Catastrophe · Insurance · Property Insurance

Hurricane Florence – Property Insurance Tips

Hopefully Hurricane Florence weakens and has a minimal impact on the East Coast of the United States, but if we are not so lucky I wanted to share some coverages that you might have available in your property policy that will help mitigate the financial loss.

  • Debris Removal – often this has a sub-limit but it can help with cleanup costs
  • Catastrophe Allowance – not standard in all policies, but can give you some additional coverage if your limit is not sufficient to replace your property
  • Denial of Access – Can pay Business Income in the event you cannot access your premise because of damage to a nearby property
  • Expediting Expense – an additional coverage that responds when you make temporary repairs to get back into business
  • Equipment Breakdown – can be especially important if your HVAC system gets damaged and you have temperature sensitive product
  • Claims Expense – Can pay for a third party to help you work through the claim, especially important in business income claims
  • Ordinance or Law – Can help pay for demolition, increased cost of construction, loss to undamaged portion of the building
  • Preservation of Property – the safeguards you put in place to protect against loss can be covered
  • Business Income and Contingent Business Income – provides coverage for income lost while your premise is down from a covered cause of loss or a key supplier/customer
  • Civil Authority – provides coverage for loss of income because the government deemed a road or bridge unsafe or closed it due to a covered peril
  • Extra Expense – added cost to relocate

These are just a few examples of where coverage can be found.  You do want to be aware that not all policies will have these coverages, but most of them should be found in even the most basic of policies.

A couple of things to be aware of that can work against insureds.

  • Coverage can be impacted by deductible, particularly wind deductibles that might differ from your regular deductible. In wind prone areas you might incur a percentage deductible instead of a flat dollar amount.  For example, your deductible might be 5% of total insured values subject to a minimum of $50,000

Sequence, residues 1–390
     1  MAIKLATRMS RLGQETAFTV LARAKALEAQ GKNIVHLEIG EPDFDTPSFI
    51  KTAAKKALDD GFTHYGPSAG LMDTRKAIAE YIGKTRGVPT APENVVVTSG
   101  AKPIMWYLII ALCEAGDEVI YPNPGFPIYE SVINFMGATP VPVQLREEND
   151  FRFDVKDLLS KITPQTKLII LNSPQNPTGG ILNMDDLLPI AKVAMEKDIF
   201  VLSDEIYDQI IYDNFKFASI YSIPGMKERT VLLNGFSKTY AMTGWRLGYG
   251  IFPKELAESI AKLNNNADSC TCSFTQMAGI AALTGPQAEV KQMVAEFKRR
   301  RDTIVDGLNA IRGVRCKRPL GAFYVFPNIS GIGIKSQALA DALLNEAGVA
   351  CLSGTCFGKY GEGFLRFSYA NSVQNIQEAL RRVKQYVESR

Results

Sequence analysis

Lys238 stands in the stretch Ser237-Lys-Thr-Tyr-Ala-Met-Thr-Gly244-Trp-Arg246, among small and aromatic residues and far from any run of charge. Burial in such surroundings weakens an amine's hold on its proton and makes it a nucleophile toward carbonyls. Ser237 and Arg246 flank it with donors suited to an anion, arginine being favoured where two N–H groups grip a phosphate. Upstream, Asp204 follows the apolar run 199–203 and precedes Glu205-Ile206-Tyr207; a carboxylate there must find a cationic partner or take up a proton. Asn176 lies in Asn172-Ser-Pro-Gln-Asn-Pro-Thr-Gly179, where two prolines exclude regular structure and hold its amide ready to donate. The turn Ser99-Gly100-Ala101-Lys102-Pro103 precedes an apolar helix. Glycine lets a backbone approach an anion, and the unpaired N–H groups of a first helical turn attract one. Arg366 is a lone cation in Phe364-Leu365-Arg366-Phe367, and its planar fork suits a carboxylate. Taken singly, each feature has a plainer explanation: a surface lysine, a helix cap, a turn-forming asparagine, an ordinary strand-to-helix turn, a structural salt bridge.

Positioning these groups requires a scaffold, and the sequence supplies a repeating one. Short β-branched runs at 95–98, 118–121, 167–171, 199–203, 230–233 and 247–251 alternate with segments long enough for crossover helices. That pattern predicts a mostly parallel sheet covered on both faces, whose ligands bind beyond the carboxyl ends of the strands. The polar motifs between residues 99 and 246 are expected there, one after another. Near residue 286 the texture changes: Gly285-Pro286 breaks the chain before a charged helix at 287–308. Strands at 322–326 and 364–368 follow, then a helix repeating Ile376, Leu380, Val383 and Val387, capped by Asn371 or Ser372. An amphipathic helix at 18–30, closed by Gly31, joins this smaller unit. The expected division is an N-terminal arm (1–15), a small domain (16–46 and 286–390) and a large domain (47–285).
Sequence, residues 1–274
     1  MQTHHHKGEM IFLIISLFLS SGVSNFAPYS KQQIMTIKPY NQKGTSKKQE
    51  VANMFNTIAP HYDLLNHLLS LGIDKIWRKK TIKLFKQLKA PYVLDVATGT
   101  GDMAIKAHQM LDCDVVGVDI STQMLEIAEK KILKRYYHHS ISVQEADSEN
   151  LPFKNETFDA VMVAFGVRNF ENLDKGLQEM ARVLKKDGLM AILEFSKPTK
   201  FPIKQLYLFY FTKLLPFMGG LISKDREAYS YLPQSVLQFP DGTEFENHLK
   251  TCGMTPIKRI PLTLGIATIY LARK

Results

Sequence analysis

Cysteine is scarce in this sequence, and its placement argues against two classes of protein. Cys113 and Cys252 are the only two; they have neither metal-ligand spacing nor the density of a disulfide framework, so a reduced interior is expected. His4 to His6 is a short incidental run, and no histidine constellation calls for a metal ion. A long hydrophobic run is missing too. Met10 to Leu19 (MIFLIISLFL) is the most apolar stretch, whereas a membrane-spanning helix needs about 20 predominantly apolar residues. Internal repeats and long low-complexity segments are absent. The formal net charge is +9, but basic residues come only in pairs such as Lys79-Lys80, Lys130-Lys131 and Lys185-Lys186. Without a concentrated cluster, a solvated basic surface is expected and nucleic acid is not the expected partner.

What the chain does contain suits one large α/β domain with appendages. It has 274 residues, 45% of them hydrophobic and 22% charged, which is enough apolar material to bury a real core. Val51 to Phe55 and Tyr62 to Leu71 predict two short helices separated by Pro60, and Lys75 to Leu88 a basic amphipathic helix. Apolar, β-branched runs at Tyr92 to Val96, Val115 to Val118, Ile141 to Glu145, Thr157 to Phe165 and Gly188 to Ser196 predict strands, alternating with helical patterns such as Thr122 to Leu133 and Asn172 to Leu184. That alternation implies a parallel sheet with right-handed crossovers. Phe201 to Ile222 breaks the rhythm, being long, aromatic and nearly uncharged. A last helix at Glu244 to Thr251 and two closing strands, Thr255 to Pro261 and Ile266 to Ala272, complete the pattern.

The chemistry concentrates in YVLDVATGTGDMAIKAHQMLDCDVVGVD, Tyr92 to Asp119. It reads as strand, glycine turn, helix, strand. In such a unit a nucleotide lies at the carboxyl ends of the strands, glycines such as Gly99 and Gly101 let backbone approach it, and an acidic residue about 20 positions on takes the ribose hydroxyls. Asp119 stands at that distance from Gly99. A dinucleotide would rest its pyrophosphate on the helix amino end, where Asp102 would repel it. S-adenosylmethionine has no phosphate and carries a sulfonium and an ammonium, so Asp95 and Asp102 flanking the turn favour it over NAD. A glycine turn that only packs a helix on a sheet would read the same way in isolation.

• Wind deductibles could also impact Business Income and Contingent Business Income
  • Flood is often excluded
  • If you have National Flood Insurance Program (NFIP) coverage they adjust the loss on an “actual cash value” basis, meaning it is replacement cost minus depreciation.
  • NFIP coverage is limited in total limits available
  • If you are in a flood zone but have no NFIP coverage but have flood coverage through your insurance carrier it could be subject to a deductible equivalent to what NFIP would have covered.

I hope this is help that is ultimately not needed.  For those in the states that could be impacted, I wish you the best and hope there is little or no impact to you, your business and your families.

Financial Loss · Insurance · Risk Management

What is a Black Swan Event?

I got a lot of great feedback on my post about protecting yourself from Black Swan events, but numerous people asked me to better define what a Black Swan was and to provide some examples.

A Black Swan is simply an event that you never could have predicted that causes catastrophic damage.  Even when something is predictable the results are typically underestimated.  Some real life examples are the banking crisis in 2008, the Fukushima nuclear disaster in 2011, and 9/11.

Here are some examples of what a Black Swan could like for a company in the Life Science industry:

  • A fire destroys your building.
  • You are a sole sourced company and your key supplier suffers a loss so they can no longer produce your product.
  • You or your key supplier are shut down due to regulatory action.
  • Your patent is infringed upon and you need to defend it.
  • Your CRO’s computer system is hacked into and the data from your clinical trial is stolen or destroyed.

What these examples have in common is that they can all be insured.  The problem is that only the first example is usually covered correctly by your insurance program.  If you are not sure if you have coverage for the other events, it means you probably don’t.  Do you not have coverage because your broker never told you there was a solution or because you made a conscious decision to self-insure?  If it is the former you need to ask yourself if your broker is actually providing value.